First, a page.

Coppedge v. JPL & Caltech: Continued Again

When we last posted about this case, the trial was scheduled to start Wednesday, two days ago. A quick check at the courthouse file reveals that the trial has been continued. We don’t yet know why or for how long.

This lawsuit was filed by David Coppedge, the creationist who claims he was wrongfully demoted (and later fired) by his employer because he was promoting Intelligent Design (ID) on the job. As you recall, he used to work as a computer technician for Jet Propulsion Laboratory (JPL), which is part of Caltech. He also maintains a creationist website: Creation-Evolution Headlines — which was recently moved here.

The judge has not yet ruled on the numerous motions in limine that were pending. We summarized all of those here: Pre-Trial Perspective, and that post also has a load of background information for those of you who haven’t been following this case.

We’ll summarize the latest pleadings available, thanks to our friends at the National Center for Science Education (NCSE), who maintain an archive of pleadings in this case: NCSE’s Coppedge archive. These are all scans of pdf files.

The first is yet another motion in limine. This one was filed by JPL-Caltech. It’s Defendant’s motion to exclude testimony, evidence, argument, and comment about the contents of NASA’s guidelines on religious exercise and expression in the federal workplace. They want such evidence kept out of the trial because it’s irrelevant and will be prejudicial to Caltech and misleading to the jury. That makes perfect sense to us. NASA is a federal agency, and neither Caltech nor JPL has that status.

The motion says that the parties had previously agreed to leave that stuff out, but the Coppedge team has recently changed its mind, thus this motion. The bold font was added by us:

Caltech does not seek to exclude relevant evidence concerning transmission or discussion of the Federal Guidelines that occurred in this case, such as testimony that Coppedge gave copies of the Federal Guidelines to Caltech employees in meetings, before he learned that they do not apply to employees of private employers, like Caltech.

At various points in this litigation, Coppedge has contended that the Federal Guidelines apply to Caltech. But Coppedge is mistaken. On its face, the Federal Guidelines apply only to federal employees of the United States Government. … Coppedge admits that he was employed by Caltech [transcript reference]. Furthermore, Coppedge admits that Caltech is a private, non-profit educational institution which manages the Jet Propulsion Laboratory pursuant to a contract with NASA [transcript reference]. Therefore, the Federal Guidelines and its contents do not apply to Caltech and are irrelevant.

For some reason, the word “clueless” keeps running through our mind, but we can’t figure out why. Anyway, the next new pleading by JPL-Caltech is their Defendant’s Trial Brief. A partial listing from the table of contents will be sufficient to reveal that there’s a bit more to this case than one might learn only by reading the press releases issued by the Coppedge team. Here’s a sample:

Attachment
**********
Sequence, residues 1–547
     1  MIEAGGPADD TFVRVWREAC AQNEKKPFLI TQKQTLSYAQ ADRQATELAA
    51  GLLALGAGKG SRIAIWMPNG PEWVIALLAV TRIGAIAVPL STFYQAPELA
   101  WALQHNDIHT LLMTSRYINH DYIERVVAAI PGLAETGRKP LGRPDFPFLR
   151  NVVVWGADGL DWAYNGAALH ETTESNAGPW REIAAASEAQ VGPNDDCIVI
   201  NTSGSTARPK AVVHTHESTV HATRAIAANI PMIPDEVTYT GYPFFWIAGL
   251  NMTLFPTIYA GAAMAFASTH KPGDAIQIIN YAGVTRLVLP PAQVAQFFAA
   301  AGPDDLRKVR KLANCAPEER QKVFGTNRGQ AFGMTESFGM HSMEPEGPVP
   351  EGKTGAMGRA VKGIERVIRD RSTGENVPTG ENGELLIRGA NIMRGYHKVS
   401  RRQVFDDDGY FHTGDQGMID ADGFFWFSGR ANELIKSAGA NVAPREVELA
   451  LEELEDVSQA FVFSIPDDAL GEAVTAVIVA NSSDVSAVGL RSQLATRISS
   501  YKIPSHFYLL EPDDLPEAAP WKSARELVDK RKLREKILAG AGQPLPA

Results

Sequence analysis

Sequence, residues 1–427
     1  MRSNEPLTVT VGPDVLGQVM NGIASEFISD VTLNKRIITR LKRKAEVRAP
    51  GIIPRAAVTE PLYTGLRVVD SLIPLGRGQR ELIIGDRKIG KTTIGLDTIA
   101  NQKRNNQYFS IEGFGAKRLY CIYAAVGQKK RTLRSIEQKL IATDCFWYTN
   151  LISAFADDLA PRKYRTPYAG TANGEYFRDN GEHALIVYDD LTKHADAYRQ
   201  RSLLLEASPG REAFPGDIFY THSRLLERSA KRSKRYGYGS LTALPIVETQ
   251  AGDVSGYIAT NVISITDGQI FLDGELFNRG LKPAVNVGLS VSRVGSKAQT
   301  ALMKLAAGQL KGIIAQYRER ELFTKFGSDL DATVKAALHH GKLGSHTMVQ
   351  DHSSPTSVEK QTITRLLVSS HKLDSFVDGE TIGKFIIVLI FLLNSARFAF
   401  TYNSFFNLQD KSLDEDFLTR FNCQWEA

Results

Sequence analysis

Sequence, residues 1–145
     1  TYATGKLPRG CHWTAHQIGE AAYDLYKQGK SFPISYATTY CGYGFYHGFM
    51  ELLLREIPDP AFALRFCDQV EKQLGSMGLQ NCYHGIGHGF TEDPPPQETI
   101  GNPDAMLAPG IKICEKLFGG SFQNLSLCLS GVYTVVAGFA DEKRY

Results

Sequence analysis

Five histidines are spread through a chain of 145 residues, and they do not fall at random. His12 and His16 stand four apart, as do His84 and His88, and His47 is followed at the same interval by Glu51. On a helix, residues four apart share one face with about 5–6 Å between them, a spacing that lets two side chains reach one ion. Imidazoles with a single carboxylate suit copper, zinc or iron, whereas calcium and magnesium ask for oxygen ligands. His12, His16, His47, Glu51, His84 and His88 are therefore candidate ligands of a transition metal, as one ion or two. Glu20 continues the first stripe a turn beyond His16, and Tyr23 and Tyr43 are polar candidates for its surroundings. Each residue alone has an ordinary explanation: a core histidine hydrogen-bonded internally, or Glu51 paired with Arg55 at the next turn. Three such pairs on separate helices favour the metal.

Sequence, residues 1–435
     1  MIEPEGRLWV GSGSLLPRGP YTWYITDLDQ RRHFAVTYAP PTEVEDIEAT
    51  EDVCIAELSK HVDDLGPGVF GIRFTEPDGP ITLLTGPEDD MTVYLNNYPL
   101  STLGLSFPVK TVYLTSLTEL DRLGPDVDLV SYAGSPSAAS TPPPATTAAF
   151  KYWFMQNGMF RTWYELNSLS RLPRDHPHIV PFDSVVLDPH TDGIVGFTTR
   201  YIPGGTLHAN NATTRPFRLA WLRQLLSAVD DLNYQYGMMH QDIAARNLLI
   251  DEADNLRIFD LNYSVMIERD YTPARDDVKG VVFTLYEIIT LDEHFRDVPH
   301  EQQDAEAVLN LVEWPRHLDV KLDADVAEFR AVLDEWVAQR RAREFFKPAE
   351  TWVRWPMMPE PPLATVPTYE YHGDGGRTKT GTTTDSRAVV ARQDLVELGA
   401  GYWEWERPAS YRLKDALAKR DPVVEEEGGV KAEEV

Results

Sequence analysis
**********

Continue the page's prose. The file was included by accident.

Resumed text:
Coppedge’s Work History and Performance Issues

A Member of Cassini Complained That Coppedge Had Harassed Her [about non work-related subjects]

When Chin [a supervisor] Tried To Approach Coppedge (Again), Coppedge Accused Him of Creating a Hostile Work Environment

Chin Notified HR [Human Resources] and Management about Coppedge’s Accusation; Human Resources Investigated and Recommended that Coppedge Receive a Written Warning

Coppedge Received a Written Warning and Was Removed as Lead

Coppedge Appealed the Written Warning and His Removal as Lead; Klenk Reviewed All the Facts and Denied the Appeal

Coppedge Filed this Lawsuit

Coppedge Was Laid Off as Part of the Staff Reduction for the Second Extended Mission [NASA had reduced their funding by 40%-50%]

This is slightly different from the way the Coppedge team sees this case (i.e., it’s all about an evil conspiracy by Big Science to suppress intelligent design).

The last pleading at the NCSE archive is a Second Amended Joint Trial Exhibit List. Each party’s proposed exhibits also indicate those items that are subject to objections. We won’t bother with it because it’s 47-pages long, and at this stage the list means nothing. It’ll be amended yet again when all the pending motions in limine (regarding what’s allowed in the trial and what’s excluded) are resolved.

So there you are. The big news is that the trial has been delayed again. We don’t yet have a new trial date. It’s conceivable that even now the parties might settle this mess, but having gone this far, we don’t think it’s likely that either side is in the mood for compromise.

The Discoveroids have recently posted a few times about the trial, and we’ll look at what they have to say. If we find anything especially amusing therein, we’ll let you know.

Copyright © 2012. The Sensuous Curmudgeon. All rights reserved.

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12 responses to “Coppedge v. JPL & Caltech: Continued Again

  1. Welcome back. That sounds strange; this is your blog, not mine.

    Anyway, The Patch has been covering this. The dirth of information on this matter has been driving me crazy.

  2. Rubble says: “The dirth of information on this matter has been driving me crazy.”